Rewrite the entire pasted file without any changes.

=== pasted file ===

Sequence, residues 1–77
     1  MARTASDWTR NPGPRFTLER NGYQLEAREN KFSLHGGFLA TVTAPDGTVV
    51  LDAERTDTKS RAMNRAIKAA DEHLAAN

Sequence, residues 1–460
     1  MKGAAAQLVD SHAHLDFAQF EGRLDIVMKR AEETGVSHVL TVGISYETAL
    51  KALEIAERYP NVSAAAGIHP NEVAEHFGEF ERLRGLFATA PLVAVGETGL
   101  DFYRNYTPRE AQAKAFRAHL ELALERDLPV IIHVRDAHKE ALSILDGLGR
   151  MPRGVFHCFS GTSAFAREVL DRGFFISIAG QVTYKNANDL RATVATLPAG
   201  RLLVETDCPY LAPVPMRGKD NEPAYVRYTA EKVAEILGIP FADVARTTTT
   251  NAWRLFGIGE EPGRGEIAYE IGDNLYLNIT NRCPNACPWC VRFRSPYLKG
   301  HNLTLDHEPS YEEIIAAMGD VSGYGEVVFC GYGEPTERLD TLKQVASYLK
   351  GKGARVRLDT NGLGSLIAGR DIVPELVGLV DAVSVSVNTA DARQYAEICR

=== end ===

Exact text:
Sequence, residues 1–77
     1  MARTASDWTR NPGPRFTLER NGYQLEAREN KFSLHGGFLA TVTAPDGTVV
    51  LDAERTDTKS RAMNRAIKAA DEHLAAN

Sequence, residues 1–460
     1  MKGAAAQLVD SHAHLDFAQF EGRLDIVMKR AEETGVSHVL TVGISYETAL
    51  KALEIAERYP NVSAAAGIHP NEVAEHFGEF ERLRGLFATA PLVAVGETGL
   101  DFYRNYTPRE AQAKAFRAHL ELALERDLPV IIHVRDAHKE ALSILDGLGR
   151  MPRGVFHCFS GTSAFAREVL DRGFFISIAG QVTYKNANDL RATVATLPAG
   201  RLLVETDCPY LAPVPMRGKD NEPAYVRYTA EKVAEILGIP FADVARTTTT
   251  NAWRLFGIGE EPGRGEIAYE IGDNLYLNIT NRCPNACPWC VRFRSPYLKG
   301  HNLTLDHEPS YEEIIAAMGD VSGYGEVVFC GYGEPTERLD TLKQVASYLK
   351  GKGARVRLDT NGLGSLIAGR DIVPELVGLV DAVSVSVNTA DARQYAEICR